BRAMPTON, Ont. – Police say two children and a woman were killed Saturday night in a multi-vehicle crash in Brampton, Ont., northwest of Toronto.Peel Regional Police said the crash occurred at the intersection of Highway 50 and Countryside Drive just after 9 p.m.They said a 47-year-old woman died at the scene and that three children were rushed to hospital, where two were later pronounced dead.The other child, along with two adults, were all listed in stable condition.No information about the cause of the crash, or the names of the victims was immediately released. (680 News)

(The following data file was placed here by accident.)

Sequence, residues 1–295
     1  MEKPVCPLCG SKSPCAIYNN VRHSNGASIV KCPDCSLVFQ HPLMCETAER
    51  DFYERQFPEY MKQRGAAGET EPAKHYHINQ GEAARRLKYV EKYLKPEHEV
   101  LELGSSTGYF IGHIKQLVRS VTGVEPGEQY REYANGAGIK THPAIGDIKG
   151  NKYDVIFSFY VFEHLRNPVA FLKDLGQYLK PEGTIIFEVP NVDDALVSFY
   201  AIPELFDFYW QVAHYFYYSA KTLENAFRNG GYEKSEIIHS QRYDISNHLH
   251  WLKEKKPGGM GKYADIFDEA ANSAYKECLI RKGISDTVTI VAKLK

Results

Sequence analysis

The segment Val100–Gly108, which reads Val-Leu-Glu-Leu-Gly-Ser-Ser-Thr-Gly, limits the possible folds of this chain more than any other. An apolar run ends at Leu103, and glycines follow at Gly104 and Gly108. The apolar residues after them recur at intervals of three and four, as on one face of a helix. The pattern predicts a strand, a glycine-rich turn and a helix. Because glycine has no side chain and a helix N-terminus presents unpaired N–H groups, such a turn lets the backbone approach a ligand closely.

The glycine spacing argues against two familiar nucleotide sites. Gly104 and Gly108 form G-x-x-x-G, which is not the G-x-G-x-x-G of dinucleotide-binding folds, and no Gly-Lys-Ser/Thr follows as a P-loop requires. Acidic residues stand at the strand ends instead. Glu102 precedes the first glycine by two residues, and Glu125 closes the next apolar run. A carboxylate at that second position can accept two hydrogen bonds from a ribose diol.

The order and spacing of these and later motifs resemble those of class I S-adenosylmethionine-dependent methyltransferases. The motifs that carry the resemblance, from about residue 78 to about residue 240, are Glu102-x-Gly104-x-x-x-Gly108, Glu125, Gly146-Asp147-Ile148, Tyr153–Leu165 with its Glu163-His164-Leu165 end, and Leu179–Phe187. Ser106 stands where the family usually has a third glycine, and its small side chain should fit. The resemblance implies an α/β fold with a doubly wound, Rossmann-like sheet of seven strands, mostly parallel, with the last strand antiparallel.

The Ontario Ministry of Natural Resources says that as of Sunday evening 42 forest fires were burning in the northeast region of the province, with 19 of them described as out of control.The Parry Sound 33 fire at just over 113 square kilometres remains the most dangerous of the wildfires.After raging for almost three weeks, it still hasn’t been brought under control.Hot, dry, windy weather this weekend helped fan the flames, however, despite the challenging conditions the ministry says crews made excellent progress in ringing most of the fire’s perimeter with hose lines.Today’s forecast calls for more heat and gusty winds, but with higher humidity and the possibility of 10-to-15 millimetres of patchy rain.Last week, the Municipality of Killarney issued an evacuation order because of heavy smoke from the fires, while the Municipality of French River issued an evacuation alert.